Having sold 450 million books worldwide and produced eight blockbuster movies, Harry Potter is the most successful movie franchise of all time. But does its undoubtedly huge success mean the films are actually any good?
Harry Potter – Made an orphan at only one year old, he’s been fighting for wizardy justice ever since. Stretched out over seven books and eight films, Harry has become the most famous wizard of all time (although The Wizard of Oz disputes this…)
Novels aside, are the films actually any good? Poor ‘fresh from drama school’ acting and endless ridiculous plot twists, is it all just hyperbole and over advertising? Familiarity is a huge tool in making people watch films within a franchise, because they feel like they really know the characters. And having read seven books detailing their exploits, people desperately want to see how the stories will look transferred to the big screen. Even with bad reviews people will still go and see the films, which is an odd loyalty as there are plenty of films to watch at the cinema that are continuously rewarded and praised but often ignored for blockbusters such as these.
Franchises as a whole are often unimaginative and repetitive, and show a complete lack of what makes cinema so amazing. There is only so many times you can wheel out the same rehashed story over and over. And I defy anyone to justify an average running time of 150 minutes for what is essentially a kids film!
Ouch. Not the lightest of charges, but come on! It’s Harry Potter. We’ve seen the boy who lived grow up over the last decade, watched as he was chosen for seeker, overcame Voldemort again and again as well as conquering the tricky Expecto Patronum spell. Yes it is an elaborative adaptation but it is an adaptation of a much revered, and not to say loved, children’s book. The first films were bound to be marred with questionable acting, the trio themselves ranged between the ages of ten and twelve, but the adult stars have consistently held their own in the movies, with Alan Rickman, Gary Oldman and Maggie Smith being of particular delight.
Another problem that was going to hound the Potter films was both fan and non-fan aversion. Having a lot to live up to, the films had to please both pre-existing fans as well as trying to convert those who had not read the books. No mean feat for a franchise based on thousands of pages of story (hence the long run times – anything shorter and there would be serious backlash). They did so admirably despite the odd flaw (which, coincidentally, few films are without). It’s easy to criticise the franchise for capitalising on its marketability but then, what film doesn’t? With the surge in remakes and adaptations few films appear in mainstream cinema where characters aren’t already known by cinema-goers. To fault Harry Potter on this is preposterous.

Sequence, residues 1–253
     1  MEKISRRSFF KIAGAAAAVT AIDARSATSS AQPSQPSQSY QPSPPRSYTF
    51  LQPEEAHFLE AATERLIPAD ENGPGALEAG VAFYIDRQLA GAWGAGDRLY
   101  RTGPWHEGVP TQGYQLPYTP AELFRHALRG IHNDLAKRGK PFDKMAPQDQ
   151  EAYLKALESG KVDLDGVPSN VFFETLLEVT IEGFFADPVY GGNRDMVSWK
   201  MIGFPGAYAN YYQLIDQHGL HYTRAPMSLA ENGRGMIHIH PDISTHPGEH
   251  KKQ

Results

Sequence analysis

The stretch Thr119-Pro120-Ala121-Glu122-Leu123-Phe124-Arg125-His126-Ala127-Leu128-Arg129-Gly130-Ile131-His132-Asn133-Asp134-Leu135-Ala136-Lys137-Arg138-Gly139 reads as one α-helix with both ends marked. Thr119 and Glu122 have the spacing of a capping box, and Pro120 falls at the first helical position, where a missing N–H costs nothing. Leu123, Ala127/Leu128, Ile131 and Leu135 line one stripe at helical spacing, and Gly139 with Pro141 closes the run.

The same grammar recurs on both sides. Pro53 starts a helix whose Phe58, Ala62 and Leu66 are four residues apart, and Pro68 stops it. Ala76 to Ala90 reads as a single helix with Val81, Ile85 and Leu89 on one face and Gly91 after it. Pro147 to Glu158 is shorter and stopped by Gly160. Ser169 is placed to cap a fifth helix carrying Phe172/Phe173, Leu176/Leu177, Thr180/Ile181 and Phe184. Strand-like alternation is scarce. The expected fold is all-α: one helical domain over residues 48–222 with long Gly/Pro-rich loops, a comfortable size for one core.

People often deem the franchise’s story either too childish or too ridiculous to enjoy. To these people I say let your pride go and just enjoy the movies as that’s what they’re there for; enjoyment. Yes the plot lines may be similar in each movie but that is by no fault of the movies themselves – they are following a pre-existing storyline that captivated millions of readers worldwide. To say that the Potter films lack what makes cinema amazing is an unsubstantiated claim; the films contain much of the magic that makes cinema so thrilling. Packing great effects with absorbing story lines, the franchise has managed to build anticipation between each film, pleasing fans and sceptics along the way. With all this I think we can overlook the dodgy acting.
It’s a tough one. Whilst Potter and co. are never going to be able to appease those who have taken a dislike to the franchise they have managed to bring enjoyment to fans the world over. With the sheer numbers attributed to Deathly Hallows Part 2‘s box office success already it would be hard to see this defendant put behind bars for any length of time as crazed fans would no doubt be alohamora-ing him out of jail in a jiffy. Sorry Harry, haters gonna hate but don’t worry, we’re sure you’ll still be bringing magic to children’s lives in fifty years time.
Jo Hewer and Naomi Barnwell
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